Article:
Roundabout ‘tweaking’ considered
City Hall is considering upgrading the Old Town roundabout to make it safer for drivers to navigate, an acknowledgment that traffic at the crucial location continues to cause problems years after the roundabout was built.
Park City officials this week described initial work that could include reconfiguring three traffic islands at the roundabout as early as this fall.
The redone islands would especially help westbound drivers on Deer Valley Drive during the busiest times, said Kent Cashel, the deputy Public Works director and a key figure in the talks about the roundabout.
Under a new configuration, two lanes of traffic would enter the roundabout from westbound Deer Valley Drive. There is currently one lane entering from that direction.
providing drivers with two roundabout lanes from westbound Deer Valley Drive, officials would be attempting to ease the afternoon traffic crush skiers create as they leave Deer Valley Resort.
Deer Valley Drive is the primary access to Snow Park, the site of the resort’s largest parking lots. During the ski season, the traffic often backs up on Deer Valley Drive toward Snow Park as the drivers reach the roundabout.
Drivers also queue waiting to enter the roundabout from Marsac Avenue, one of the roads that used to drive to Silver Lake Village in upper Deer Valley.
A blueprint of work under discussion provided to The Park Record shows the reconfigured traffic islands extending further toward the roundabout than they do now.
Cashel estimates traffic has increased at the roundabout by about 6 percent annually over the past five years. Studies have not been conducted at the roundabout, however, and Cashel bases his estimate on traffic numbers taken on S.R. 224 and S.R. 248 over the period.
The roundabout handles traffic heading to and from Deer Valley and Old Town. It is busiest during the ski season, but people who live in the upper reaches of Old Town and in Silver Lake Village neighborhoods regularly use the roundabout.
An early version of a Park City Council agenda for Thursday included a request for the elected officials to approve a $212,133 construction agreement with a South Jordan firm for the work. The item, though, was removed from the agenda before Thursday’s meeting. Details of the agreement were not publicized.
Cashel said the deal might be presented to the City Council on Oct. 2. If it is not, he said reconfiguring the islands would be delayed until at least 2009. Park City typically does not start roadwork later in the fall because of the chance of bad weather.
The roundabout stands as one of City Hall’s most ambitious road improvements of the last decade. It replaced what had been an awkward intersection where drivers regularly became confused. The roundabout debuted in the early part of the decade as a companion project to the Old Town transit center on Swede Alley, paid for mostly with federal funds earmarked for Utah as the state prepared for the 2002 Winter Olympics.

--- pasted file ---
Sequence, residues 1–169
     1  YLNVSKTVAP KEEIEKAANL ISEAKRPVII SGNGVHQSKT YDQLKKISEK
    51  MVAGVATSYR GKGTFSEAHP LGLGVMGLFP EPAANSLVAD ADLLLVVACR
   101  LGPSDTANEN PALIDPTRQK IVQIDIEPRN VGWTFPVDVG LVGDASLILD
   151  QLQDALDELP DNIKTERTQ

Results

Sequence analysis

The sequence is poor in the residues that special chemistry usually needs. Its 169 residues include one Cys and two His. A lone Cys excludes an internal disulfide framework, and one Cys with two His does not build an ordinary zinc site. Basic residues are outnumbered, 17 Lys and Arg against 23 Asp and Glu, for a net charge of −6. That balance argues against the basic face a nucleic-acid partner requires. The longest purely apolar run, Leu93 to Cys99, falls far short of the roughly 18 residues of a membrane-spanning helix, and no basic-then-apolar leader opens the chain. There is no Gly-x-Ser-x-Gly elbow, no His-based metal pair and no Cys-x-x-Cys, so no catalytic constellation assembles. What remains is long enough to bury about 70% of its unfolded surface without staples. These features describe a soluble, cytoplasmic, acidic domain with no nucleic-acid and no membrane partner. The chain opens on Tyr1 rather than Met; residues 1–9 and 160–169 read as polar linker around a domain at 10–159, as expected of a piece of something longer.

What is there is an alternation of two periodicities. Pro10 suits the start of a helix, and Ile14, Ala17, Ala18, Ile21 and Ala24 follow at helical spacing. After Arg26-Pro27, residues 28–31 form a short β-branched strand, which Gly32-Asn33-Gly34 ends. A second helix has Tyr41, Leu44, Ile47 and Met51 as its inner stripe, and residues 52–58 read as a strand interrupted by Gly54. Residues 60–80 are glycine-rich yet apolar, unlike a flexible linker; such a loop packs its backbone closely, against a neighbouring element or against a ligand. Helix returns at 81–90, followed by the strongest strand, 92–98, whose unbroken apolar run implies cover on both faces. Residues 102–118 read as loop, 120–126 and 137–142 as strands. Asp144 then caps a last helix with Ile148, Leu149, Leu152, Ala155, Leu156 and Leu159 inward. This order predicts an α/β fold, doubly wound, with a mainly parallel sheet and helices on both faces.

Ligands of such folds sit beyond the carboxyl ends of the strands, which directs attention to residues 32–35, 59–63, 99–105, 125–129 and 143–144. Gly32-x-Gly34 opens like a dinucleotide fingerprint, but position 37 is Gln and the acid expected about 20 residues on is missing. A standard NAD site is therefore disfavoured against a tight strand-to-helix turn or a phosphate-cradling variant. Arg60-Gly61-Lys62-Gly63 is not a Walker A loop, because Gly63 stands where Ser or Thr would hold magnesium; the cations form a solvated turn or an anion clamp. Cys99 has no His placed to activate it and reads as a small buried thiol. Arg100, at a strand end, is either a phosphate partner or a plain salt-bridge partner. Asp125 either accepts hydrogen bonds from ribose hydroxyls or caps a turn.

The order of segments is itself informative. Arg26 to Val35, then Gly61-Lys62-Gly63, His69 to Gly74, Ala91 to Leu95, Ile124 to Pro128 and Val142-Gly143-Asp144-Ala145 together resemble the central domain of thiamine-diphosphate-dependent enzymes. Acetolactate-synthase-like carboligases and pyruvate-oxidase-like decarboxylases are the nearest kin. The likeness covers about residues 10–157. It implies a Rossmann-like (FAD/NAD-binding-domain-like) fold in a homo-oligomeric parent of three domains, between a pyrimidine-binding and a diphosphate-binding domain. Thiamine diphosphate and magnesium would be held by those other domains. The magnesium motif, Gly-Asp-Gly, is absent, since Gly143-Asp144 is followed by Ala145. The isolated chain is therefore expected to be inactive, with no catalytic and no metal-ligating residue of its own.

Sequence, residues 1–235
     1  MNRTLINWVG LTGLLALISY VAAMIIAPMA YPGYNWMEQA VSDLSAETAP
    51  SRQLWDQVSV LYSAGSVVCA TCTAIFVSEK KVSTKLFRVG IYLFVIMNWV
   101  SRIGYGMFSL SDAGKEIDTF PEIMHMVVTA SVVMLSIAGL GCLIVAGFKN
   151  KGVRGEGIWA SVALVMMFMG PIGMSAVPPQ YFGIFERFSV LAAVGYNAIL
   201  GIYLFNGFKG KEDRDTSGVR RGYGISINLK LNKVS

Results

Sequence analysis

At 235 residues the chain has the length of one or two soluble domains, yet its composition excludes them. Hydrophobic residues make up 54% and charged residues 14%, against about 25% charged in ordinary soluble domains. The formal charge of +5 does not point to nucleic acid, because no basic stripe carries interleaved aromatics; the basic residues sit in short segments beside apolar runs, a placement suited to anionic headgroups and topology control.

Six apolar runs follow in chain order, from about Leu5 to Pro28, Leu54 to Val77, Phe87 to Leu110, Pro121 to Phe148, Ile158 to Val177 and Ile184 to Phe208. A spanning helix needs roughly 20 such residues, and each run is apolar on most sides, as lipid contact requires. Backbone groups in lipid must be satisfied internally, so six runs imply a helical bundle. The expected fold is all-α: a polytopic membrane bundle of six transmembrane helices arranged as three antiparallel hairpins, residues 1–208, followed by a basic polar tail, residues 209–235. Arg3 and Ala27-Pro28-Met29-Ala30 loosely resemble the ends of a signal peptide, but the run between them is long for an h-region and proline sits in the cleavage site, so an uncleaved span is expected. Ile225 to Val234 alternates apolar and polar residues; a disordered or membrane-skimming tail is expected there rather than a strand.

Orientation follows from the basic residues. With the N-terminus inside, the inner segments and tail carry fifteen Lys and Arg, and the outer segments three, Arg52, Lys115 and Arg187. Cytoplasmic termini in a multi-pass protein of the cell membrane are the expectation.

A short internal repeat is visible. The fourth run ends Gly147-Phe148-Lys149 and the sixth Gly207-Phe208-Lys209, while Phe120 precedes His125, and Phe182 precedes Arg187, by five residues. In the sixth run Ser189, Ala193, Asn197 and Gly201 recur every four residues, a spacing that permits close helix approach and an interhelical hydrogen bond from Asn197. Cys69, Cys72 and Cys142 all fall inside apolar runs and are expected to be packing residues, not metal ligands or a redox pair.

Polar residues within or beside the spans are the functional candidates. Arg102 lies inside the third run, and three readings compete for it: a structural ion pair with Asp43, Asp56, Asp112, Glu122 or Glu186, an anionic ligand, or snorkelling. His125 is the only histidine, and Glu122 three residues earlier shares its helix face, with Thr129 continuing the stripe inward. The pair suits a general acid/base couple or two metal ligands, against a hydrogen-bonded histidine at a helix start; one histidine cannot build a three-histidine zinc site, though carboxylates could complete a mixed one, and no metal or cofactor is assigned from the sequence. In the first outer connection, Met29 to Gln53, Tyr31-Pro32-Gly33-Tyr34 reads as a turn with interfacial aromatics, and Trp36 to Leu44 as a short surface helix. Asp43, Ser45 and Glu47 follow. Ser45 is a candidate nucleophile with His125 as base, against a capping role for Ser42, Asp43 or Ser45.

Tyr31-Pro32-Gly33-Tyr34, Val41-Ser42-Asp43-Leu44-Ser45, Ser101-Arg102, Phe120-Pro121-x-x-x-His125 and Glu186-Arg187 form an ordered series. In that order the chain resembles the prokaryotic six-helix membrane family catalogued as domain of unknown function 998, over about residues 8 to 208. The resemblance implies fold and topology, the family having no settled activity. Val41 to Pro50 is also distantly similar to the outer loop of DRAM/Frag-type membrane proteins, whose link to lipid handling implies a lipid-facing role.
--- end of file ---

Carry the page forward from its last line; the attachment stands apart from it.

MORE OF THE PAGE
But drivers still sometimes become confused about whether they must yield at the roundabout or whether they can exit the roundabout from their lane. The confusion frequently leads to close calls and drivers abruptly changing lanes. Cashel, though, said the accident rate at the roundabout is not troublesome.
"The safety does not appear to be an issue," he said. "It doesn’t stand out as a dangerous intersection."
The Park City Police Department sometimes places traffic cones in the roundabout to separate the lanes in an attempt to make it easier for the drivers.
Park City Engineer Matt Cassel, who holds influence in City Hall road projects, said he expects "good results" from the reconfigured islands. He said new signs and road striping are also planned.
"I just think it’s a little bit of tweaking," Cassel said.
He said officials would monitor the traffic after the upgrades are completed. If problems persist, major work could be considered, Cassel said.
Deer Valley officials are involved in the talks, with Bob Wheaton, the president and general manager of the resort, saying Deer Valley is willing to hand over a small piece of land on the edge of the roundabout needed for the work.
The design under consideration is "absolutely awesome" and "ideal," Wheaton said. He said the resort sometimes receives complaints about backups at the end of the ski day.
"It’s tough to leave on really busy days," he said, adding, "It’s not the best way to end a great ski day."
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Park City Mountain Resort owner Vail Resorts in early June submitted a letter to the Park City Planning Commission in support of a Provo developer’s blueprints for a major project at the resort.